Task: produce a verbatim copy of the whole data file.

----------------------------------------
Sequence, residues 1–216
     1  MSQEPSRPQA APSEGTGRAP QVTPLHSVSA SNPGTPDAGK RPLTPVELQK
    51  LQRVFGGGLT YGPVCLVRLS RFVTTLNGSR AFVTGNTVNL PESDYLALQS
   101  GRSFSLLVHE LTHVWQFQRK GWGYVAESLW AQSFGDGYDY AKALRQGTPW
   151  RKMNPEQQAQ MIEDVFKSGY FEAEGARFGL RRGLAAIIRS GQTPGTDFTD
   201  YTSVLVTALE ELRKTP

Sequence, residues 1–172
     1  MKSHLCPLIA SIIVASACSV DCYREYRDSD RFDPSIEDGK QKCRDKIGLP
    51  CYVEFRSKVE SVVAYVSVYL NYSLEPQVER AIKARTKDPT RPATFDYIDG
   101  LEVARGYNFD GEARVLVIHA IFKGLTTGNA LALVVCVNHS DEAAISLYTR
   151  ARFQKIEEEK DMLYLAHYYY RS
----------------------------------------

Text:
Sequence, residues 1–216
     1  MSQEPSRPQA APSEGTGRAP QVTPLHSVSA SNPGTPDAGK RPLTPVELQK
    51  LQRVFGGGLT YGPVCLVRLS RFVTTLNGSR AFVTGNTVNL PESDYLALQS
   101  GRSFSLLVHE LTHVWQFQRK GWGYVAESLW AQSFGDGYDY AKALRQGTPW
   151  RKMNPEQQAQ MIEDVFKSGY FEAEGARFGL RRGLAAIIRS GQTPGTDFTD
   201  YTSVLVTALE ELRKTP

Sequence, residues 1–172
     1  MKSHLCPLIA SIIVASACSV DCYREYRDSD RFDPSIEDGK QKCRDKIGLP
    51  CYVEFRSKVE SVVAYVSVYL NYSLEPQVER AIKARTKDPT RPATFDYIDG
   101  LEVARGYNFD GEARVLVIHA IFKGLTTGNA LALVVCVNHS DEAAISLYTR
   151  ARFQKIEEEK DMLYLAHYYY RS